10 OCTOBER 1970, Page 19

Liberal compensation

Sir: Though rather illiberal in some, ways (I support birching, hanging and National Service), I think I can answer Peter Paterson and indeed yourself. The Liberal party is a useful body to have around, because it provides some sort of an alternative, and keeps the bigger parties on their toes. If itslid not exist it would have to be invented; if it disappears it will have to be revived, or something else found to replace it.

Most of the people who vote Labour do not want an omnipotent state; most of those who vote Tory do not want Big Business to rule the roost unchallenged. By its presence the Liberal party encourages the moderate element in both the other parties and gives their leaders some helpful leverage against their more militpt supporters, bearing in mind. that a considerable number of Labour voters would never put their X against a Tory but might conceivably put it against a Liberal, and that an even larger number of Tories might vote Liberal, if Mr Powell gained control of their party, but would in no foreseeable circumstances turn to Labour.

Basically, the sort of people who activate the Tory and Labour parties, or a great many of them, want to exercise power, though not for the same ends. The sort of people who keep the Liberal party going are mainly anxious not to have power exercised over them; whether that power is used for good or evil is not strictly relevant; it is evil simply because it is there. and ought therefore to be re- strained and kept to the necessary minimum without which society becomes chaotic, and civilised liv- ing impossible.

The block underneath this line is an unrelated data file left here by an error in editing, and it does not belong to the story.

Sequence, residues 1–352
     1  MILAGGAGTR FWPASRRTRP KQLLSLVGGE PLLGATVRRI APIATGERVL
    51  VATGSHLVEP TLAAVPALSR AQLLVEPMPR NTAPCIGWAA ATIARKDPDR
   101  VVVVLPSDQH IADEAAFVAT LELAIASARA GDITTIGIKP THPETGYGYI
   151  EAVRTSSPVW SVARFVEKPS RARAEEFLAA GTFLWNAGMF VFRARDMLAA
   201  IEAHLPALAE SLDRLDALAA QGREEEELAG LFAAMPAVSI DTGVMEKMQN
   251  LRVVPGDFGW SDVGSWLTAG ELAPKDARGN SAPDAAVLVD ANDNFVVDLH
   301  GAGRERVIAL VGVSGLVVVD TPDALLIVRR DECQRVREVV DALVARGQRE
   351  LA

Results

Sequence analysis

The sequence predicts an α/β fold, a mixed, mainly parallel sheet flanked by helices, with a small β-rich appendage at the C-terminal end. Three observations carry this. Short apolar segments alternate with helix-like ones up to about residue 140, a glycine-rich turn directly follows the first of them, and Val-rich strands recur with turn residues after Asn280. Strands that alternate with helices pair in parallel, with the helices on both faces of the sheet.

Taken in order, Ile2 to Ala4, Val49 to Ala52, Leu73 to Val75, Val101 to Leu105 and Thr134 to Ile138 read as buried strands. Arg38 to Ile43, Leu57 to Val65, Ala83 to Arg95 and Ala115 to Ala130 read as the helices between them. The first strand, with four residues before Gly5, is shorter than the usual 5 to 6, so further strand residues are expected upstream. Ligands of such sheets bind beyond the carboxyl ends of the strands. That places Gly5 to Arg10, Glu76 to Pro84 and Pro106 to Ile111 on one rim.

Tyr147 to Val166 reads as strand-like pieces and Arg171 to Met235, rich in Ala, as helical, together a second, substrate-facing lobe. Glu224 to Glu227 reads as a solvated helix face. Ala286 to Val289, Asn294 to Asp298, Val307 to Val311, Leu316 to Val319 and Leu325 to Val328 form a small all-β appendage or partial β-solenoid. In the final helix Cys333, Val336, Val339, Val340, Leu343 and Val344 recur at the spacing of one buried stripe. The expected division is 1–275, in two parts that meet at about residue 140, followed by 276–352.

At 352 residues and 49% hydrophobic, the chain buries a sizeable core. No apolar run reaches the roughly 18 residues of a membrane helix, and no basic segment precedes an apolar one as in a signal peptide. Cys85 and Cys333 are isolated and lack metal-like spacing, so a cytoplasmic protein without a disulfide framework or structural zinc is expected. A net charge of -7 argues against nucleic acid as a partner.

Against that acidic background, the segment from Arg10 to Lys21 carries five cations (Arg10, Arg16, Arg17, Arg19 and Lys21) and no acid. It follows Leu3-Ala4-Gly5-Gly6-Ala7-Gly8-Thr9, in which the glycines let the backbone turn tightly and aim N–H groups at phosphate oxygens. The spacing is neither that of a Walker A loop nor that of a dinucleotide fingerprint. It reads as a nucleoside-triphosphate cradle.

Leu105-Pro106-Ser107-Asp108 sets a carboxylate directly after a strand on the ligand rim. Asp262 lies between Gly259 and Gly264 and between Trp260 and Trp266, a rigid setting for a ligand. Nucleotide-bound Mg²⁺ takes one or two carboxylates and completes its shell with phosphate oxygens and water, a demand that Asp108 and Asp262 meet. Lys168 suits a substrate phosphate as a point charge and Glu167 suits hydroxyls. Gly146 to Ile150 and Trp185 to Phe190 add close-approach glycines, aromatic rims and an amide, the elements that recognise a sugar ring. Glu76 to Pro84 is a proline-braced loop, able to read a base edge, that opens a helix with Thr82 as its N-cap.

If you scratch a Socialist you will eventually find a Communist: if you scratch a Tory you may find a Fascist. a military dictator or a nostalgic feudal baron (I like this kind best). but the lurking beast is more urbane and better camou- flaged. If you scratch a Liberal deep enough you should find an Anarchist, and if you don't he probably wasn't a Liberal in the first place. Perhaps this is enough to show that the Liberal party is genuinely different and therefore legitimate. But the main argument is simply that people expect it. or some other third force. to be present and ac- tive in the field. If it has not done as well as it should, this is not because it has ceased to be neces- sary, but because the leadership, candidates, policy and methods all fail to match present requirements.

What the Liberal party must do is to identify the people and groups of people who do not like to be pushed around, and having found them, to devise policies and methods and evolve candidates who are acceptable to them, per-

haps by using a procedure similar to the us primary, or the economy version of it which has been pion- eered by the Political Freedom Movement at Marylebone. It should also consider local pacts with Scottish or Welsh Nationalists who are liberal enough in their iews (a number are not) and, in England, with middle-of-the-road Independents enjoying strong local support. Somebody in each consti- tuency must stand for the things that Liberals stand for, but it is not necessary that he should be a card-carrying and officially spon- sored Liberal in every case though. unlike Mr Steel, I think it essen- tial that he should owe allegiance neither to the Tories nor to Labour. If he does, this allegiance may come first in a crisis, and in any event the people are entitled to their Third Force.

Anthony J. C. Kerr 52 Castlegate, Jedburgh, Scotland